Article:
If your child is a chronic procrastinator, try these four approaches recommended by an education expert that are proven to break those bad homework habits.
There are many students who put off work until the last minute. Although their reasons vary, one thing is for sure - procrastinators underestimate the time it will take to complete their work and overestimate how much time is available to do it. When procrastination impacts academics, students need parental intervention in order to change the behaviors that are limiting their success.
Procrastination was a real issue for Julie Anderson, a second grader, and her seventh-grade brother James. Their parents came to see me because the issues surrounding homework were causing a serious divide in their parent/child relationship. The suggestions I gave to the Anderson family can work for your family, too.
Establish a start-time routine.
The most significant problem facing Julie's family was a lack of routine. Mom and Dad had few expectations for when, where, and how homework would be done. We discussed easy ways to establish routines, including the time at which the children would start homework.
The first step in setting up a routine actually begins with an after-school break. Most students, regardless of age, need some downtime after school. About a half hour is usually sufficient time to grab a snack and relax, but it's not enough time to become overly involved in another activity. Beginning homework after this break is often a good idea for younger children. This way, if they have after-school activities, their routine is the same. They are still allowed a break following the activity, and then homework is to begin. Older students may want flexibility, and for them, consider giving a choice of beginning homework after school, before dinner, or right after dinner.
Once you've established a start time, put it in writing, and for even more reinforcement, color code it. Visual reminders are far superior to verbal ones and also allow students to adhere to a routine more independently. Review the schedule and post it in a prominent place (the refrigerator, homework area, or desk). The Andersons found that a written schedule alone helped to take the emotion out of their requests to begin homework. Now, it was the posted schedule that conveyed the start time, not just Mom and Dad.
Play Beat the Clock.
Another easy and entertaining way to curb procrastination is a simple game that has been around for a long time: Beat the Clock. It works especially well for procrastinators. I encouraged Julie and James's parents to introduce the game by saying, "This game is a fun way to get homework done so that you have more time to play." They first determined how long it would take them to complete an assignment, and then set the timer. They said, "If you can get this worksheet finished before the timer goes off, you earn a token. If you collect four tokens this week then you can trade them in for additional screen time, a pizza dinner, or additional allowance." Both kids thought Beat the Clock was a great idea. It motivated them to start homework on time without argument.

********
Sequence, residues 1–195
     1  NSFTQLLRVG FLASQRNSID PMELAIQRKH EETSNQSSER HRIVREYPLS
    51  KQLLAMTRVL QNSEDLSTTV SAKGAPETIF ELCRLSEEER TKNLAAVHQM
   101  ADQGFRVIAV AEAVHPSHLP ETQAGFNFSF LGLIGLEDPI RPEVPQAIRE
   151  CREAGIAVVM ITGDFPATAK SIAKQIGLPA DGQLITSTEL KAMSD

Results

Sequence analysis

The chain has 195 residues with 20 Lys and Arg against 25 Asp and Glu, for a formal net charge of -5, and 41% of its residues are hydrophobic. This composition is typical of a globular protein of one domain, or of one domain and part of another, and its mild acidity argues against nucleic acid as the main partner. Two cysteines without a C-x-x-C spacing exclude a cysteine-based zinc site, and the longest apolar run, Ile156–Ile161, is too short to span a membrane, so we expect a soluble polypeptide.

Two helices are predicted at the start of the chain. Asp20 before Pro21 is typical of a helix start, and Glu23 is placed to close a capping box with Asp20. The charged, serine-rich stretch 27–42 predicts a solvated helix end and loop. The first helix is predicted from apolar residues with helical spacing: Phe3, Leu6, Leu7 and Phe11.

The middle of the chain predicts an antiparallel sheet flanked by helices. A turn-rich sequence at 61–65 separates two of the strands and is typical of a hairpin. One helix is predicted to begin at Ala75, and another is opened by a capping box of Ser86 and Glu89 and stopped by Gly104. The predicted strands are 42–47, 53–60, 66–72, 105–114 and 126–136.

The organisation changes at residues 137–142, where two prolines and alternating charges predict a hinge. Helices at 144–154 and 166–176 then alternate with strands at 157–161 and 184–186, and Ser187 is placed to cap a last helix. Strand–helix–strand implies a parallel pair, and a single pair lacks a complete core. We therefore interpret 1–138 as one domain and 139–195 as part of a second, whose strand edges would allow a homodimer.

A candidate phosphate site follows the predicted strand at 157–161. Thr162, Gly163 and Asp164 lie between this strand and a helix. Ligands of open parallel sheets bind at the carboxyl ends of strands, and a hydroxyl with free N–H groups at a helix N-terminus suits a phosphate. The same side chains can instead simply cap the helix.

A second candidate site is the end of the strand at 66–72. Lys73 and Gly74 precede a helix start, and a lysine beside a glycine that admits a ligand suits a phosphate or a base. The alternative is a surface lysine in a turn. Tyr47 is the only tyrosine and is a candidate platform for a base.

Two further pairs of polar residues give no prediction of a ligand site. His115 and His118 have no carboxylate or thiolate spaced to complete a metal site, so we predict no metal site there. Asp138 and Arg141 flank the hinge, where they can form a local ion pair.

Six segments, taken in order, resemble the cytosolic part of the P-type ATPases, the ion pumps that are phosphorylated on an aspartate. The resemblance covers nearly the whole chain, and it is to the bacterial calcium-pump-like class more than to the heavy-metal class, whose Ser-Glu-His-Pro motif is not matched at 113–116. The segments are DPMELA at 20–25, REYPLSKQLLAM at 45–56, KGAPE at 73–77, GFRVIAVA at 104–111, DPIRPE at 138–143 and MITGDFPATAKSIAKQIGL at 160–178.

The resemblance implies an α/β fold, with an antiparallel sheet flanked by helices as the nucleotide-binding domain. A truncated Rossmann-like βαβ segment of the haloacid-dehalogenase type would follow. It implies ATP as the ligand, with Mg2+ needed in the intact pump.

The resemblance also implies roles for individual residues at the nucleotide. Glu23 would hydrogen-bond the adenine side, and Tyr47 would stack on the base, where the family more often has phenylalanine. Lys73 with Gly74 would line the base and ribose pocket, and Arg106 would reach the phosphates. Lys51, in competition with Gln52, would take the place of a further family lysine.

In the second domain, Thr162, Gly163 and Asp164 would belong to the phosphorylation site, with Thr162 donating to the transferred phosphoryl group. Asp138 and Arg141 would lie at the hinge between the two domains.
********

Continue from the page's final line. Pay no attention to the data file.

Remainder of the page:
Of course, each child's reward will be different. You may find that tokens and a larger reward at the end of the week do not motivate your child. Sometimes daily rewards are more effective. Discuss this openly and then negotiate a compromise if the ideas suggested are too lofty.
Try the Tolerable 10.
Timers are excellent tools for older students as well. My middle and high school students frequently lament that they just can't muster the energy to get started. Enter the Tolerable 10. By setting the timer for only 10 minutes and sitting down and getting to work for this short amount of time, these students often realize that the task isn't so overwhelming after all. They often find that once they start, they can keep on going.
At first, you may have to set the timer for your child, but after a while simply leave it in the study area as a visual reminder to use it independently. There are many timers available on the market, but my favorite is the Time Timer (pictured). Julie and James liked this timer better than the traditional kitchen timer because it provides a visual cue.
Alternate hard, then easy.
Some procrastinators are more than willing to start and complete their easy homework assignments, but put off the work they dread until late in the evening. For these students, a different approach to prioritizing daily assignments may be necessary. If your child has only one or two simple assignments, agree on the time at which she'll begin and insist that the work be done before anything else. Homework, typically an unpleasant task, is rewarded with free time, the pleasant task.
If your child has multiple assignments, coach her to start with a tough task followed by an easy one, and to repeat this sequence (hard, easy, hard, easy). Prompt her to label the order in which she will do the homework (1st, 2nd, 3rd, etc.) next to the assignment in her planner. Following something particularly challenging, encourage your child to take a short break by grabbing a snack, playing with the cat, or shooting some hoops. Avoid anything with a screen, such as video games, because they tend to pull kids into another world and the momentum will be lost.
By providing a posted schedule, an easy-to-hard list of tasks, and a few interesting strategies like Beat the Clock and Tolerable 10, most children will be on their way to an on-time start!
Ann K. Dolin, M.Ed., is the founder and president of Educational Connections, Inc. In her new book, Homework Made Simple: Tips, Tools and Solutions for Stress-Free Homework, Dolin offers proven solutions to help the six key types of students who struggle with homework.